They are sometimes keen sportsmen, but a good many scamps, dolts, and cads are that.
“cads, perhaps,” suggested Clare, who had not spoken for a long time.
Indeed, even the cads with whom Gleason consorted seemed to have become inspired with contempt.
Torrington's was founded for gentlemen, and we don't mean to have cads here.
For romance had come back to Italy; there were no cads in her; she was beautiful, courteous, lovable, as of old.
We'll jump on these two cads, and do them up now and at once!
Regular set of cads, from the foreman down to the lowest clerk.
“One would have to mix with such a lot of cads,” he would say.
But only to open it again to look in and utter the one word: “cads!”
And "cads" do the road in smart dog-carts as well as afoot or on bikes.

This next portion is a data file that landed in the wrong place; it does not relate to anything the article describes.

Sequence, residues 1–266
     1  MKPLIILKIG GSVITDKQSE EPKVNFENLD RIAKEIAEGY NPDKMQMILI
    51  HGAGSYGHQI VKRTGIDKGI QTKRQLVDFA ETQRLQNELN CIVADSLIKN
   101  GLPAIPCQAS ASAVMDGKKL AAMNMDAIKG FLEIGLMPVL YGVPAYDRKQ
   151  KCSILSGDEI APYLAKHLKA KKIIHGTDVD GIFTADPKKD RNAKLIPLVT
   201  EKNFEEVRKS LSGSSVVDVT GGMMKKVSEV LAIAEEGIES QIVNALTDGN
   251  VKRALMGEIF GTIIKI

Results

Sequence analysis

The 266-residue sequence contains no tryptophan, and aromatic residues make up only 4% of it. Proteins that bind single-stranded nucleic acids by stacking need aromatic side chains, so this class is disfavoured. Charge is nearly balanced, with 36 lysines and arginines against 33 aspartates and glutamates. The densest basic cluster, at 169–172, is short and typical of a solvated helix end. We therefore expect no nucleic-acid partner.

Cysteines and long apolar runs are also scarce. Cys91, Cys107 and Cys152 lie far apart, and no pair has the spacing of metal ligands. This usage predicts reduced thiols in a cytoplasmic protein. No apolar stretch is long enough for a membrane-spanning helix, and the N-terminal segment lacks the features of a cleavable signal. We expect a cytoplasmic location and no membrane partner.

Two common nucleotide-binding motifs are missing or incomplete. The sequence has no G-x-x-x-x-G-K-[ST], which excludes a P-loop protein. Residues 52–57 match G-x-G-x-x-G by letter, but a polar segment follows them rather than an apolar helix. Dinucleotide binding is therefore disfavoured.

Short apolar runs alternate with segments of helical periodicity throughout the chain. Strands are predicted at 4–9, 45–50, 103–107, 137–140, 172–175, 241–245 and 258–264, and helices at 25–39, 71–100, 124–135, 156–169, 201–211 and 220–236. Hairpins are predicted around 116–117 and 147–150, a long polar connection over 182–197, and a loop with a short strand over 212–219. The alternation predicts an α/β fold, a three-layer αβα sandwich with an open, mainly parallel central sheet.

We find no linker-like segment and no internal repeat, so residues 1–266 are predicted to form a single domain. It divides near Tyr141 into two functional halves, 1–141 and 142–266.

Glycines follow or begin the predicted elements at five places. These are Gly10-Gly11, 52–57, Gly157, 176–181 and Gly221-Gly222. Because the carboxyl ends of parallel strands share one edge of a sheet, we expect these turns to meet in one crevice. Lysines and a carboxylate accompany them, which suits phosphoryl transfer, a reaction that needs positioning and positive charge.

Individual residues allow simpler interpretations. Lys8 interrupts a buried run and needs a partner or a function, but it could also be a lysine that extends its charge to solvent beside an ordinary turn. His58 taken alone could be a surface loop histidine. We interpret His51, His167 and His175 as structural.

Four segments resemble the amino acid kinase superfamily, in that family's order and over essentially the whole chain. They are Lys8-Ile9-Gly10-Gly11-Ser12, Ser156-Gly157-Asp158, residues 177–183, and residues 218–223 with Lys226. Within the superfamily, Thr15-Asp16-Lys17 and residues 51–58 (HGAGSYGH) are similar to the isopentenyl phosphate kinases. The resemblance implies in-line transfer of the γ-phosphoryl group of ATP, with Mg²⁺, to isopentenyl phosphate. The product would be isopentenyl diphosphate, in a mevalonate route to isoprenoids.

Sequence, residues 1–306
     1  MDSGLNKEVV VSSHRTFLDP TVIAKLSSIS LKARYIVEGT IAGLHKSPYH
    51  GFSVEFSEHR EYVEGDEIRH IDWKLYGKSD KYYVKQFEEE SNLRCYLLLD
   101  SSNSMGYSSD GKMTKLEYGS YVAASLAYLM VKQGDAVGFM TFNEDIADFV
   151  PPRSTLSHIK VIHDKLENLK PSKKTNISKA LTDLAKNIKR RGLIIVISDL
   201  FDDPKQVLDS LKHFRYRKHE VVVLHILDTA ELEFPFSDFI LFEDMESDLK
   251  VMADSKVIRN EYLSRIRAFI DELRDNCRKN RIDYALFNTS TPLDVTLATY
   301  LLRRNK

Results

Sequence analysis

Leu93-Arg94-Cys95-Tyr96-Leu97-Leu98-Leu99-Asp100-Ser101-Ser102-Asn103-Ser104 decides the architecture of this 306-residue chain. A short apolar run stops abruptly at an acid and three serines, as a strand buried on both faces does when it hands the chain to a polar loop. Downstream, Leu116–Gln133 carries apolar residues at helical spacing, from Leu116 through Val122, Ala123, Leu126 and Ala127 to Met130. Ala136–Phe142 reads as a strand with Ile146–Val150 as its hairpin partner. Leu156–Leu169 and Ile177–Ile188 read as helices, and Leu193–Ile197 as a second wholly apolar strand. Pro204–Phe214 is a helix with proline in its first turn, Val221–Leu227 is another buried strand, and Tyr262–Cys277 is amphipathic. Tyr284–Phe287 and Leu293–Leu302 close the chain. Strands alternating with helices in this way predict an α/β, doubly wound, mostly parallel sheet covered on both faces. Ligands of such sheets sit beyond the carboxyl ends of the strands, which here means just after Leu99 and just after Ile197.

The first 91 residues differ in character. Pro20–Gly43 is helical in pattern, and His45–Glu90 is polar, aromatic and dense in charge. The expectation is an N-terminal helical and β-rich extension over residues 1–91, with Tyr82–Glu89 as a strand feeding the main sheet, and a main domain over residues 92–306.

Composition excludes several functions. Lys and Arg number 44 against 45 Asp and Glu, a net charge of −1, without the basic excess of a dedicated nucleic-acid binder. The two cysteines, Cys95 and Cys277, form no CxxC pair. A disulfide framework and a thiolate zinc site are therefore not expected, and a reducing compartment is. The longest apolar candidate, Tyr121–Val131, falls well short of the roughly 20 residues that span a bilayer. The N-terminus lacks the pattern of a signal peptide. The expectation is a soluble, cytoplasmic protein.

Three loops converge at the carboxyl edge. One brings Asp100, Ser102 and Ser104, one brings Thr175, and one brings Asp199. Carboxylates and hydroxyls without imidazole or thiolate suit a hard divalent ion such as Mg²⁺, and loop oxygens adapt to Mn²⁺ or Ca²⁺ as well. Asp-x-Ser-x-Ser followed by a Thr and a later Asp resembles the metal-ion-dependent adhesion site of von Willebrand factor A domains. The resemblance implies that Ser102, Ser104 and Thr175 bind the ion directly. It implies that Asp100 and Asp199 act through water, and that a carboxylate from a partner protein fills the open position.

1730, shortening of cadet (q.v.); originally used of servants, then (1831) of town boys by students at British universities and public schools (though at Cambridge it meant "snob"). Meaning "person lacking in finer feelings" is from 1838.
A cad used to be a jumped-up member of the lower classes who was guilty of behaving as if he didn't know that his lowly origin made him unfit for having sexual relationships with well-bred women. [Anthony West, "H.G. Wells: Aspects of a Life," 1984]
A Cadillac car: And we'll rent a black Caddy (1920s+)